- An SAP Notification letter notifies the student that they are no longer eligible to receive Title IV funds based on the standards of satisfactory academic progress. It also explains why they are failing SAP and gives instructions on how to re-establish eligibility.
- Approval on Appeal with Probation (APPB) – This status is assigned by the financial aid adviser as a result of a successful SAP appeal. Appeal documentation will be retained in the student’s file. APPB is for one term only and allows students to receive aid for only one term. At the conclusion of the probationary term, SAP will be measured again to determine if the student has met all of the required measurements. Students successfully meeting all of the requirements will remain eligible to receive aid. The SAP status will be updated to “Meets SAP”. Failure to successfully meet all of the measurements will render the student ineligible for aid and the SAP status will be updated to “Disqualified”. Students who fail to meet all of the required measurements, but have demonstrated significant progress toward meeting the minimum requirements may be advised to meet with the academic adviser to determine if the student has shown a measured improvement toward meeting SAP. Based on the academic adviser assessment, students may submit a second appeal with a multi-term academic plan that will reach the minimum requirements for SAP. If approved, the SAP status is changed from APPB to APPL (Approved with an Academic Plan).
- Approved with an Academic Plan (APPL) – This status is assigned by the financial aid adviser as a result of a successful SAP multi-term appeal that includes a multiple term improvement plan created specifically for a student by their academic adviser. It may be used when the academic adviser recommends consistent, progressive improvement over multiple consecutive terms. Once placed on an academic plan, SAP is measured at the conclusion of each term for improvement based on the adviser approved academic plan. Eligibility for financial aid will be approved on a term by term basis. Students who fail to show measurable improvement toward meeting the minimum SAP requirements will be disqualified for financial aid funding.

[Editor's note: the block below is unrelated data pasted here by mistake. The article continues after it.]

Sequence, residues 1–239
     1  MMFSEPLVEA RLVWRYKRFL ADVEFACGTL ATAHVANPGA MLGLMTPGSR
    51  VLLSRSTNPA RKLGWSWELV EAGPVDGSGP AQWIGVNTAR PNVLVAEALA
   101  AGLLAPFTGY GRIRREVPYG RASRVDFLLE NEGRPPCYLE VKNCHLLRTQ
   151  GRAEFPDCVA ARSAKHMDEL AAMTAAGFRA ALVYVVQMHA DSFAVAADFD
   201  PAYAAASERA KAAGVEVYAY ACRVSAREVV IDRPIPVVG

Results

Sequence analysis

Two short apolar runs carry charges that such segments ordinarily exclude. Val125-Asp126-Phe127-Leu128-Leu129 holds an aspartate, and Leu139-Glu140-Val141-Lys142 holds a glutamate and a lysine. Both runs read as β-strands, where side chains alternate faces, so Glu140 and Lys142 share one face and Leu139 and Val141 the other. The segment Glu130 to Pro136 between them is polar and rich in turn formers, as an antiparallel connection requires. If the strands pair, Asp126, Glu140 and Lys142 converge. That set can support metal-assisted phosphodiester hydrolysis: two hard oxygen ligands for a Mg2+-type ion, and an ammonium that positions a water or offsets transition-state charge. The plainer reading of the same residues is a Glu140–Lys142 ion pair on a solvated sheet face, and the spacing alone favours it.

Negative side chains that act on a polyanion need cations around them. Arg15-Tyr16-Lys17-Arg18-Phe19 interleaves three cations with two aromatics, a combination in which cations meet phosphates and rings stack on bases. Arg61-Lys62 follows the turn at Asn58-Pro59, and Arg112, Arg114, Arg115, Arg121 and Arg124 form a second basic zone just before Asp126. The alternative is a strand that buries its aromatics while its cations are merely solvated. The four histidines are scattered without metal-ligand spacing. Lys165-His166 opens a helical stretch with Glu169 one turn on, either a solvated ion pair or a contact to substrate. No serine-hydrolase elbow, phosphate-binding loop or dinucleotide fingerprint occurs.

- If the student is complying with the established academic plan, the student will be awarded aid for the next term.
- If the student is not complying with the established agreement, the student will be allowed to appeal one more time for aid. The appeal documents will be sent electronically to the student. Aid will be awarded if the appeal is approved by the Financial Aid Appeals Committee. Students whose appeal is denied will be contacted electronically by the financial aid adviser and will be given a detailed plan on how to regain eligibility for aid.
- A Financial Aid Hold blocking enrollment may be placed on students with an academic plan.
- Approved per Professional Judgment (APPJ) – This status is assigned by the financial aid adviser as a result of a successful SAP appeal. Appeal documentation will be retained in the student’s file. This status is typically used for students enrolled in doctoral programs or during terms when students may be working on a dissertation where progression cannot be measured by GPA or Enrollment. Recommendation is given by the Academic adviser.
- Disqualified – This status is assigned by the financial aid adviser when a student has exhausted all appeals is no longer eligible to receive financial aid funds.
THE SAP APPEAL PROCESS
Students who fail any of the SAP measurements resulting in the loss of eligibility may submit an appeal for an extension of eligibility directly to the Office of Financial Aid. Each appeal is reviewed on a case by case basis. Final approval will be determined by committee.
Elements of a SAP Appeal